It's actually staggering just how many names are in this thing. The Brit theatrical leads are only the tip of an iceberg. Christian Bale, Tom Hardy, Gary Oldman, Michael Caine, Anne Hathaway, Marion Cotillard, Morgan Freeman, Joseph Gordon-Levitt, Juno Temple, Matthew Modine, Cillian Murphy, Liam Neeson, Tom Conti, Ben Mendolsohn. I kept expecting Anthony Hopkins to pop up as the Penguin. All of these guys without exception do just great under Nolan's hard-working, quality-driven tutillage, and all have their moments to shine.

The movie is owned however by Oldman's Police Commissioner Gordon, a tour de force with not that much to go on that for me is even better than his recent 'Tinker Tailor' turn as George Smiley; and Anne Hathaway's Catwoman, who just plain nails it. Not a fan of Hathaway in general, but the pampered chick-flick-queen girl next door turns out to be the casting masterstroke of this epicly crowded field. She stilettos around the movie one-linering and high-kicking everything in sight on what have to be the world’s premiere set of pins. And her moments of tenderness and character conflict in lyrical close-up are really dazzling, melting audiences and other characters’ resistance like chocolate with those huge, bottomless pool Bambi eyes.

After Heath Ledger’s joker, who was possibly going to step into the shoes as Batman's third and ultimate nemesis? Luckily Tom Hardy is probably the best actor working today (check him out in 'Bronson' and 'Warrior'.) For this movie he's done a DeNiro-in-Raging-Bull and fat-bastarded himself up for role of BANE, the hate-filled monster of Eastern darkness that has crawled out of the worst prison in the world to bring 'justice' to the decadent rich of Gotham (New York).

Is he as good a villain as the Joker? No, but then again who could be. He does a pretty great job and brings a tragic heart to this over-blown, near three-hour opus. Bale is solid as Bruce Wayne but much better as Batman, who seems to shine with an iconic, vengeful glory that the flipside of the character sometimes lacks. Nolan also brings out a memorable, emotional, late-career performance from all-time legendary movie star Michael Caine.

For the final set-piece, Nolan has gone completely Bay. That involves 1) Rent the centre of a sizable US city. 2) Kick the #### out of it. 3) Preferably with massive, improbable sci-fi machines bent on random wanton destruction. Check. This movie definitely delivers on that score.

Nolan has got himself some awesomely impractical-looking, hummer-based armoured vehicles which seem capable only of driving around on main streets at average speed and rotating their little turrets. Think of the mileage!! Not sure the Gotham City police force got their money's worth there. Then there's the 'Bat'. The newest toy in the Bat arsenal which also looks hellishly cool, for which we'll overlook its own slightly problematic aerodynamic issues. Capping it all off is the now-familiar Hans Zimmer, tribally bombastic, repetitive drum music we’ve come to expect and love from all of Nolan’s epic action output.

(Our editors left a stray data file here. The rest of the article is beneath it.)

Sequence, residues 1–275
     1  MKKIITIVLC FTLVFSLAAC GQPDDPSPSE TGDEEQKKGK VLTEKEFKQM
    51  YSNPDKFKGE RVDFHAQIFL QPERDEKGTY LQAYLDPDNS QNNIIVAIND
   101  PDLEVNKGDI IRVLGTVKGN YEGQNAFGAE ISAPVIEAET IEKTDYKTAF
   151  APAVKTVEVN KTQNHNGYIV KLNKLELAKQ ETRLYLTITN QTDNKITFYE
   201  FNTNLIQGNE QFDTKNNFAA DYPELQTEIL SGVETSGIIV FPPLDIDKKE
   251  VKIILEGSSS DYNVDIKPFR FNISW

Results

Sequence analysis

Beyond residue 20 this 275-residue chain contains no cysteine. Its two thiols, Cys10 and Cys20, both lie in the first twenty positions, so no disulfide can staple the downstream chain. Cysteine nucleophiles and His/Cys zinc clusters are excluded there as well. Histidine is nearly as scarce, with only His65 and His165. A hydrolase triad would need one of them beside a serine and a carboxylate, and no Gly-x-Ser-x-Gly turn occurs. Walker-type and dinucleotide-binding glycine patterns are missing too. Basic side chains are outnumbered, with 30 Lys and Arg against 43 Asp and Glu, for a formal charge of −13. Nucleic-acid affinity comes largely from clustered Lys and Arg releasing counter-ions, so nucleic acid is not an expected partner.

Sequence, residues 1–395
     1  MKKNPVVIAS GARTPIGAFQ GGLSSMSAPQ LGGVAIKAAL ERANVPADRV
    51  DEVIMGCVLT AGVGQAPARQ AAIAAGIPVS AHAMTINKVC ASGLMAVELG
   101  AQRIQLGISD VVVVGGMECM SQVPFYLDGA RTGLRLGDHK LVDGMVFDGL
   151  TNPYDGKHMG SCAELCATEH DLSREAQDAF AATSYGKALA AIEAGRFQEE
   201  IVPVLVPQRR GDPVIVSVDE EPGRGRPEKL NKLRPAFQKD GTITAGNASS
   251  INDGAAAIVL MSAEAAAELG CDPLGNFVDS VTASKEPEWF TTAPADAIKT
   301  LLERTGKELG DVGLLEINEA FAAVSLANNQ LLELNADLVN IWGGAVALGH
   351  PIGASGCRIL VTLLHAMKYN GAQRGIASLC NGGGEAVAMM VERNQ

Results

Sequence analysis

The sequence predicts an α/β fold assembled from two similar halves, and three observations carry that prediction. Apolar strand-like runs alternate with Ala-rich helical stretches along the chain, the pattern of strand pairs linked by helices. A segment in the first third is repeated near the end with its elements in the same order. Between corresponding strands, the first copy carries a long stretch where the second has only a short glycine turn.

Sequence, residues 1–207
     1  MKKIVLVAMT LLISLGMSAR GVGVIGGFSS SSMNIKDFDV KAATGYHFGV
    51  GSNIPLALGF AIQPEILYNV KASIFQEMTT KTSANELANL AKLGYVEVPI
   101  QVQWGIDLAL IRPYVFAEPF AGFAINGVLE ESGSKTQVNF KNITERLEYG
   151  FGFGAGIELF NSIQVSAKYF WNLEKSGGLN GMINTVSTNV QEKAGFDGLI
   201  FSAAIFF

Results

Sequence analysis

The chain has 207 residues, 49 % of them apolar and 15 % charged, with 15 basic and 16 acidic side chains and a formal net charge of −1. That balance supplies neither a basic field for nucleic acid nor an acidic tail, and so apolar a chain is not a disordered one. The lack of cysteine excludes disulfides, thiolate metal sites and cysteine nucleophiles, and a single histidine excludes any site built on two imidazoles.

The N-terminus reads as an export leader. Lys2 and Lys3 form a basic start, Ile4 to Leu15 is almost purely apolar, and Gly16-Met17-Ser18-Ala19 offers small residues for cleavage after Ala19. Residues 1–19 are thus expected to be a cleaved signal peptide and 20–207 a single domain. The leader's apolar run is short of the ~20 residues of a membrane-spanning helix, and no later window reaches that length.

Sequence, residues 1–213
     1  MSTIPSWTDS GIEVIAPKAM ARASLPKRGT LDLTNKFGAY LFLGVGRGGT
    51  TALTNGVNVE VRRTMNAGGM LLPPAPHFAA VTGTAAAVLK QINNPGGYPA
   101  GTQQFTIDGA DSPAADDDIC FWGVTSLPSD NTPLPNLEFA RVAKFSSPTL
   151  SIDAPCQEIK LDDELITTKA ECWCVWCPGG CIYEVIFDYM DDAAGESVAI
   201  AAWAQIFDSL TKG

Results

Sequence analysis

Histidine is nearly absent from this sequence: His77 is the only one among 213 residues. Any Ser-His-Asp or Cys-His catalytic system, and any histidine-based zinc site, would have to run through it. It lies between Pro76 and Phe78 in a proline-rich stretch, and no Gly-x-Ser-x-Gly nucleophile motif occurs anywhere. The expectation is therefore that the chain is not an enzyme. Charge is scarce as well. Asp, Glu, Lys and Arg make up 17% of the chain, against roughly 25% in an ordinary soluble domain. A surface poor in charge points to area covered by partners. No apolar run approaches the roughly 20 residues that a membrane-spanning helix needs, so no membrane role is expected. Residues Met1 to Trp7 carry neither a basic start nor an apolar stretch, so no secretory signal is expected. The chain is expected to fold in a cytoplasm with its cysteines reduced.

More than anything else, TDKR resembles a Bond film. Suave hero pressured back into the game once again to face a new, unfathomably dastardly world-domination plan by a fresh and imaginatively-styled master criminal who often enjoys chatting to Bond more than actually finishing him off. This continues the vaguely British theme on display here. The structure and format of how our hero deals with the plan unfolding and revealing itself follows the Bond template so closely it makes you think the newly unemployed Nolan would be a good bet to re-cross the Atlantic and add some much-needed oomph (and pounding drum music) to that fading series once Sam Mendes hopefully re-invigorates it with this summer's 'Skyfall'.

People are going to want to know how this stacks up against ‘The Avengers’. Well, it’s a toughy. They’re chalk and cheese, Summer and Winter, light and darkness. Traditional comics fans will no doubt prefer the more purist, hyper-real, multi-coloured Marvel extravaganza. Fans of realism and grittiness will probably go for this social problem-obsessed, tragedy-touched opus. For me their quality is about an exact match. It’s a fair fight between DC and Marvel, as perhaps it has always been. ‘Dark Knight Rises’’ darkness however will almost certainly see it obtain a smaller vast chunk of cash at the box office than its competitor.

There are a couple of ropy plot points and the odd line that falls flat, the running time may be an issue for some, but this is essentially a solid and spectacular chunk of blockbuster gold. If you like movies, you will probably like this one.


Posted by Prester John - 7/18/2012 1:49:29 AM